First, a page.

White Russians all round
Where am I? Is this 1981 in Telford?
Do you like Milton Keynes? Then you’ll love Belarus.
The name means white Russia, and that’s a fairly decent description of a country that can be readily likened to an 80s version of Russia. We were not expecting to see a modern European capital, and we were not disappointed: Minsk is a proper old-school Soviet megacity, housing two million people, only a handful of tourists and, most amazingly of all, the crystal dome!
For those of us who think that Telford has something magical about it, this is a must-see attraction. I have no idea what the architect was thinking here, but presumably he had either played Sim City 2000 or watched The Crystal Maze as a child. Anyway, this monument to the glory of the future is actually a library, although it doesn’t appear to be used by anyone and when we tried to go in for a look around we got shouted at by a security guard and ordered out. And this was just the beginning.
It turns out that nobody is permitted to photograph any government buildings in Belarus, and if you do, then the police will make you delete your photos, or worse. That sounds like a challenge to us! So, here’s the houses of parliament, complete with obligatory Lenin statue.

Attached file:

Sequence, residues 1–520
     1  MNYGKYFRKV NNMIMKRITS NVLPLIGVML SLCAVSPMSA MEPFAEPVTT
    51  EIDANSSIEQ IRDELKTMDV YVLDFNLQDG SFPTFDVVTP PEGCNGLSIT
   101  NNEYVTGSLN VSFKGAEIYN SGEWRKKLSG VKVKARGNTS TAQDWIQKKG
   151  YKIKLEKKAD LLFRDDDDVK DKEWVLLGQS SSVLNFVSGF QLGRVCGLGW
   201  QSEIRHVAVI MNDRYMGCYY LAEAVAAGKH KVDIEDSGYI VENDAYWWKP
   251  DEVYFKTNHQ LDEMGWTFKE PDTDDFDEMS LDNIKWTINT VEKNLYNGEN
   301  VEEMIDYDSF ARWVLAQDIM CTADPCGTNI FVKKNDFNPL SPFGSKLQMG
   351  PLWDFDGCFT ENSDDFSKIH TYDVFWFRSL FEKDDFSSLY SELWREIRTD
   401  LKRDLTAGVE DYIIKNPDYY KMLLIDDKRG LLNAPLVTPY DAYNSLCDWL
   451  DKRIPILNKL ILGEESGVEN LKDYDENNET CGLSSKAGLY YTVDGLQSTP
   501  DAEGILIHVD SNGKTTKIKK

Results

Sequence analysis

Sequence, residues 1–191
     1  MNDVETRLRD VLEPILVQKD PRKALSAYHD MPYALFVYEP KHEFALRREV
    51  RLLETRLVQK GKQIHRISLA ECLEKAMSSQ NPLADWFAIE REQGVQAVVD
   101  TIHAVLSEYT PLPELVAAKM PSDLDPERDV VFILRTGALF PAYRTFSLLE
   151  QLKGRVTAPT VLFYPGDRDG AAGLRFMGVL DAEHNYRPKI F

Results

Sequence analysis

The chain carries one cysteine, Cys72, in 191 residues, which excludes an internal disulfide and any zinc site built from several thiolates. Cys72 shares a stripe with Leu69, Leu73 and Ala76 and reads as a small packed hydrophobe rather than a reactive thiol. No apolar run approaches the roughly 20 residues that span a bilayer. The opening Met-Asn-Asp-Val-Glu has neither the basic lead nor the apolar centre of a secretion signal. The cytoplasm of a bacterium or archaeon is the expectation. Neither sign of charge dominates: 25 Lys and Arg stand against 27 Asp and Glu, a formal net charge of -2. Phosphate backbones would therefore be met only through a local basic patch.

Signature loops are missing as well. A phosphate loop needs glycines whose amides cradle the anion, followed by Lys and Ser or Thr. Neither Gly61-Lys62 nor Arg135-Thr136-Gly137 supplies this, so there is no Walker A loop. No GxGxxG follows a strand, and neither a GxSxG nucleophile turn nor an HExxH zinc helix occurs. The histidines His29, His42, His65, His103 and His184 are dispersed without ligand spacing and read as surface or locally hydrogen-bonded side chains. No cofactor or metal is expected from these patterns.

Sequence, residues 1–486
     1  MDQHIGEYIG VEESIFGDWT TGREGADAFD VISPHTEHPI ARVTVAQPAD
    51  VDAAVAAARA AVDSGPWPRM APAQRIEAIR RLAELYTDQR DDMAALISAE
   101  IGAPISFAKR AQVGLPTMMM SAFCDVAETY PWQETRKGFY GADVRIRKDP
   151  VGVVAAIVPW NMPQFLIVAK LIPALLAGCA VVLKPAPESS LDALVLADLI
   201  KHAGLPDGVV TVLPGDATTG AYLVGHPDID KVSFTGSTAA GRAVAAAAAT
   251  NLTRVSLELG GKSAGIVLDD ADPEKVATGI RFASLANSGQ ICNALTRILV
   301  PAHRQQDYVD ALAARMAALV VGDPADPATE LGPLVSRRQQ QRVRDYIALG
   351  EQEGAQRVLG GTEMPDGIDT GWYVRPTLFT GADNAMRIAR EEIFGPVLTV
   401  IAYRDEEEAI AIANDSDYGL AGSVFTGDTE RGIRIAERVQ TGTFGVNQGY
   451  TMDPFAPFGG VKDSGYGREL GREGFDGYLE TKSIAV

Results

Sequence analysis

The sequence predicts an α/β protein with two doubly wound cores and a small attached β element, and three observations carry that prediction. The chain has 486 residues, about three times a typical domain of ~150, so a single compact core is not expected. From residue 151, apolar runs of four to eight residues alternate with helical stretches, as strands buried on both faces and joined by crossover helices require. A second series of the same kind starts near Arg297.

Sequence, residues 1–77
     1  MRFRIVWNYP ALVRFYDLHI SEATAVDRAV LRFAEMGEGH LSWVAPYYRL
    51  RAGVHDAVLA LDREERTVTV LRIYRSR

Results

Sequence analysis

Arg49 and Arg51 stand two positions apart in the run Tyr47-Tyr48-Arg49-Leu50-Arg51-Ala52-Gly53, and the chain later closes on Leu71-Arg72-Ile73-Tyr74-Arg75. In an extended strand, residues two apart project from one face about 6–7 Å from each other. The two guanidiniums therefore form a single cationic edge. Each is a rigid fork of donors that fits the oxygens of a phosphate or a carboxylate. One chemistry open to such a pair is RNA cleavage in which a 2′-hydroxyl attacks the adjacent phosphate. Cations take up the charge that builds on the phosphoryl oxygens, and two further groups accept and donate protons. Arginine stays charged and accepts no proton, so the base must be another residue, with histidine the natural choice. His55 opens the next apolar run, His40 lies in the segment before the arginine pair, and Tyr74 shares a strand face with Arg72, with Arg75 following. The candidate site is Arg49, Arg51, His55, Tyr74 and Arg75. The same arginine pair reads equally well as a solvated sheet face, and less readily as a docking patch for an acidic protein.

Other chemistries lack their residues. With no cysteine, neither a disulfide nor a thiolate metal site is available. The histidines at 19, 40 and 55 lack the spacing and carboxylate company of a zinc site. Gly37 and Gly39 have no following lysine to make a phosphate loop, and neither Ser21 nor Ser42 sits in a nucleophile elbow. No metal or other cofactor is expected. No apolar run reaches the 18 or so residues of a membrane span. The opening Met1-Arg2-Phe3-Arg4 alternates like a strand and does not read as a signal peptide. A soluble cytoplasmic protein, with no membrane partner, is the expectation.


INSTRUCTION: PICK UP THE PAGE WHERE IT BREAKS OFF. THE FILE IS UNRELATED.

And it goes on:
For balance, and for fear of the literally thousands of military police and KGB that patrol every street of this place, here is a photo that tourists are encouraged to take: victory monument, near Gorky Park.
propaganda operative tour guide gave us some facts about Belarus:
"Belarus is clean, safe, wide and green." Tour guide, April 2017
Thanks for the insight. Yes, it sure is wide. A rather strange boast, but Minsk is proud of having several streets whose width is equal to the sum of the height of the buildings on either side. Apparently, this is similar to Saint Petersburg. Yeah, go Minsk! It is quite green too, to be fair; there are plenty public parks, although the ones in the centre don’t seem to be used much.